Nickodell was nestled between KHJ Channel 9 and Paramount Studios on Melrose, almost as if it were a part of the studio complex. I was lucky enough to go there (way past its heyday) in the 80’s to grab an ice cream at the counter on a trip to the Paramount lot. I even snapped a shot of the mighty neon sign atop the building. Traveling up Melrose nowadays, I can almost still see it through the fog of history.
In 1936, restauranteur Nick Slavich took over the joint originally called the Melrose Grotto, and made it his own, at some point re-dubbing it Nickodell, a mash-up his and his wife’s names. (He owned another Nickodell a bit north on Argyle, but that’s another story.) It was an eatery (and boozery), largely popular with studio types, dishing out old school American fare like steaks, baked potatoes, and beloved Caesar salads.
Nickodell closed in November of ’93 and was subsequently demolished by Paramount in ’94 to make way for a few more spots in their parking lot, leaving us only with a few matchbooks and fond memories.
Take note. Our handmade upcycled photo notebooks are one of a kind. Pick a theme that strikes your fancy– from Pizza to Urban Birding to Mid Mod Architecture. Original urban photography inside and out is sure to inspire some bright ideas. Tour our mini journals here and put one in your pocket!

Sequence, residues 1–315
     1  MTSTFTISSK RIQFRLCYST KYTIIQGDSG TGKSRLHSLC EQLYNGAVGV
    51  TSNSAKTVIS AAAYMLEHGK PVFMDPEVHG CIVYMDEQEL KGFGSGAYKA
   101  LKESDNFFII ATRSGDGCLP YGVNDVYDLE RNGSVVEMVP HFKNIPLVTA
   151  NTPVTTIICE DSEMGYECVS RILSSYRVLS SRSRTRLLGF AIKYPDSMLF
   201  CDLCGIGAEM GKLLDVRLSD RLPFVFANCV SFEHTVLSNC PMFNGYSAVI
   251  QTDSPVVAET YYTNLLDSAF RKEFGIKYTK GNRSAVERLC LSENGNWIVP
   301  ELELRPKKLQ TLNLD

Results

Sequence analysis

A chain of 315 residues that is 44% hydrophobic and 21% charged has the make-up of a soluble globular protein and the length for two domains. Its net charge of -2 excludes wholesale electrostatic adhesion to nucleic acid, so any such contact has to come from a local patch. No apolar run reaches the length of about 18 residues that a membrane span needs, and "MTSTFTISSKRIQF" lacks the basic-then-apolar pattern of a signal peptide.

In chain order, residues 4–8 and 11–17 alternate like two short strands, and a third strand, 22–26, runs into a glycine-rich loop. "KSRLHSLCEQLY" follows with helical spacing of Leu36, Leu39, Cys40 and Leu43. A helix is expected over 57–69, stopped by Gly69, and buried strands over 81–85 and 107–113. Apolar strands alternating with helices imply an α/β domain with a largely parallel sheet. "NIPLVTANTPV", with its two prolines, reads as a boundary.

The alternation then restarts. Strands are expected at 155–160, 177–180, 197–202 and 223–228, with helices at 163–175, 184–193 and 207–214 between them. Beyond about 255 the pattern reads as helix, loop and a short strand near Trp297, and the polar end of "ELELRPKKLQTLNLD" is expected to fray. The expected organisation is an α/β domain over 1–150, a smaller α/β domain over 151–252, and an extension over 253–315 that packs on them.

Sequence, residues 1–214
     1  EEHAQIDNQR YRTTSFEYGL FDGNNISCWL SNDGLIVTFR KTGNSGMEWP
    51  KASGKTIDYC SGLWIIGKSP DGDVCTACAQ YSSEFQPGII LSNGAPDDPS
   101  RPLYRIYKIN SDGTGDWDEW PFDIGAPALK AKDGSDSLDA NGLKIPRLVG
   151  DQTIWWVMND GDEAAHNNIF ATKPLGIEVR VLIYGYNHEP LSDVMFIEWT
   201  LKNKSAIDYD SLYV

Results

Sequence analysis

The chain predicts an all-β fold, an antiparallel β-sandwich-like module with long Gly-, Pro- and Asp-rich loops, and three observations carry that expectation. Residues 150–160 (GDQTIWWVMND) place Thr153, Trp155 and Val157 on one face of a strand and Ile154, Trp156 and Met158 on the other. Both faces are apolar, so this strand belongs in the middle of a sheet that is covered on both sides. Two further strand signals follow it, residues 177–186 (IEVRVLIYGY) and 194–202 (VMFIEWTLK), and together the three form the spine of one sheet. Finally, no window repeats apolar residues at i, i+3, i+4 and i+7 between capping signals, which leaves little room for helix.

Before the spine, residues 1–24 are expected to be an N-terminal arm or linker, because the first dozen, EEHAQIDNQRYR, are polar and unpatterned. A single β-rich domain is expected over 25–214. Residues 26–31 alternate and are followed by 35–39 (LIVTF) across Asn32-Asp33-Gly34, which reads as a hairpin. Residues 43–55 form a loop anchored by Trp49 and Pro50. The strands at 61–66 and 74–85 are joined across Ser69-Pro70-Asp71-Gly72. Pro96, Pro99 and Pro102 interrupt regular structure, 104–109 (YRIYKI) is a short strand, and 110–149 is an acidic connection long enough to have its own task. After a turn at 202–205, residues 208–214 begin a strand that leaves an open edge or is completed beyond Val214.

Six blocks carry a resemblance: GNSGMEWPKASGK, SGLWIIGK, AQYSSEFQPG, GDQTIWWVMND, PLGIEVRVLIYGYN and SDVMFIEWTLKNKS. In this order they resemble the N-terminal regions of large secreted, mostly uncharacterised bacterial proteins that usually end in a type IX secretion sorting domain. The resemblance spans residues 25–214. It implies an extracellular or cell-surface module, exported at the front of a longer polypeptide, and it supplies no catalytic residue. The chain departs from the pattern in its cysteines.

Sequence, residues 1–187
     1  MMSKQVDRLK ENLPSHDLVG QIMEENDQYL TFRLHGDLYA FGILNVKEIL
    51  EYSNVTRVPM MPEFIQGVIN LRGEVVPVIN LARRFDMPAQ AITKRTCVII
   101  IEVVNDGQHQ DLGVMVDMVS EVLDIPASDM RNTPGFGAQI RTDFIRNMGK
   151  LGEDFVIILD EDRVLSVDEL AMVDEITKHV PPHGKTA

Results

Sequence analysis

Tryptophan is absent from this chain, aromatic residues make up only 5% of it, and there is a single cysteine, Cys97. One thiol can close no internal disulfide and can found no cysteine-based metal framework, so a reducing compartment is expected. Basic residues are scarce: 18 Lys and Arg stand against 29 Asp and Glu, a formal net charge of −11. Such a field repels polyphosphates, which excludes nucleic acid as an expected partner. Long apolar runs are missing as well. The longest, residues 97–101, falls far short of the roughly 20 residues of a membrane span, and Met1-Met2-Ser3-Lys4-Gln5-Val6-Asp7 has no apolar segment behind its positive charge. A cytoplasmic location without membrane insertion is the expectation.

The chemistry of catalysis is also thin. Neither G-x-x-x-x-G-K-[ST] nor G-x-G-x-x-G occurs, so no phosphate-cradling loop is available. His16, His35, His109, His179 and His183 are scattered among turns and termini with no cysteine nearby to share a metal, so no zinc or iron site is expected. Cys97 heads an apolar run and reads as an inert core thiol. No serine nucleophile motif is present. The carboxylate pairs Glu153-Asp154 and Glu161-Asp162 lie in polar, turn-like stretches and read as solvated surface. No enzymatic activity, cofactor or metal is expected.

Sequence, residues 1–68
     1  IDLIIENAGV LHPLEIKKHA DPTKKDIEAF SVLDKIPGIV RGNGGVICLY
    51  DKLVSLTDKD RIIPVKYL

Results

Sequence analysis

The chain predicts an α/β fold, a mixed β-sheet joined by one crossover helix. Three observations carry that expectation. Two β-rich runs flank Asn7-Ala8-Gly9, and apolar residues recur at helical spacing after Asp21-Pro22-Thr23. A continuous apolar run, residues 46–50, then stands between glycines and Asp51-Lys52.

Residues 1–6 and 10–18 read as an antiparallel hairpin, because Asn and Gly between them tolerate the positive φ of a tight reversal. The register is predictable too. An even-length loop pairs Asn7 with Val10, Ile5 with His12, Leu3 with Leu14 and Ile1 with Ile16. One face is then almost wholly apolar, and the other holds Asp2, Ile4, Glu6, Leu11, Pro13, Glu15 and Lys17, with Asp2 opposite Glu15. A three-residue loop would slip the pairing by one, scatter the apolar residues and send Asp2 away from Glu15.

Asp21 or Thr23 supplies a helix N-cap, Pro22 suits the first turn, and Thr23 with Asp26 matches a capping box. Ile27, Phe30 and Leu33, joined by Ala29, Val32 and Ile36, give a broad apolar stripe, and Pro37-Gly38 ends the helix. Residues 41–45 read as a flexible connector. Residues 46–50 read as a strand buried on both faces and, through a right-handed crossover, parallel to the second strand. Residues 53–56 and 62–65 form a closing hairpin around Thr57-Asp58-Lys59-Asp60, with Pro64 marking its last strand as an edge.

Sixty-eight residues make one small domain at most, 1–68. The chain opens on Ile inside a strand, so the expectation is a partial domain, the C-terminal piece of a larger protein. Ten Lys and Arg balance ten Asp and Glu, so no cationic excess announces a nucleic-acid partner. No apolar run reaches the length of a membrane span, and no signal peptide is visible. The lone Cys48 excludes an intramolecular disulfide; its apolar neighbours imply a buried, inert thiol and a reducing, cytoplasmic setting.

It’s the new age of craft coffee. That means single origin, nano roasters, cold press, and pour overs. Kinda makes one miss the old fashioned coffee-counter culture– where a pot was percolating in every kitchen and burning on every diner hotplate, just ready to warm up your cup. The coffee may have gotten better, but don’t you miss a bit of nostalgia with your cup of joe? This urban art journal is a homage to the good ole coffee institutions, compiling coffee signage photographed over the last 20 years. Signs of a different time, to inspire your current caffeinated thoughts.
I arrived in Hollywood with a camera just in time to take one of the last shots of Tiny Naylor’s Drive In at Sunset and La Brea before it was flattened. The roof resembled an aircraft carrier and I half expected fighter jets to arrive and save this place from the destructive forces of commerce and modernization. Hell, when I was a kid modern meant cool. Modern meant a roofline like Tiny Naylor’s, a jet-age version of a 1950’s malt-burger sci-fi flick drive in. But Tiny N’s version of modern was itself modernized into a bad stucco strip-mall. And today you can order franchised Crazy Chicken parts and never know that at this same site modern man & modern woman once drove up in modern finned American cars and sat beneath a flying rooftop eating burgers and malts.
Sometimes you can save an old building like the Sunset Grill but then you can’t save it from itself. There was quite some dust up over the demise of the Sunset Grill, a classic burger grill just east of Hollywood’s heartland. Guitar Center was going in next door and may have needed a parking lot. Or maybe they just didn’t want their cheap Japanese knock off Fenders to compete with the authentic grill and grease of a joint that probably spawned a thousand classic songs over the years. How authentic can a 1950’s replica of a Fender Tele seem next to the reality of the Sunset Grill? The dust up saved the Sunset Grill but today it resembles a stucco box. Gone are the stools, the grease, the soul of the place.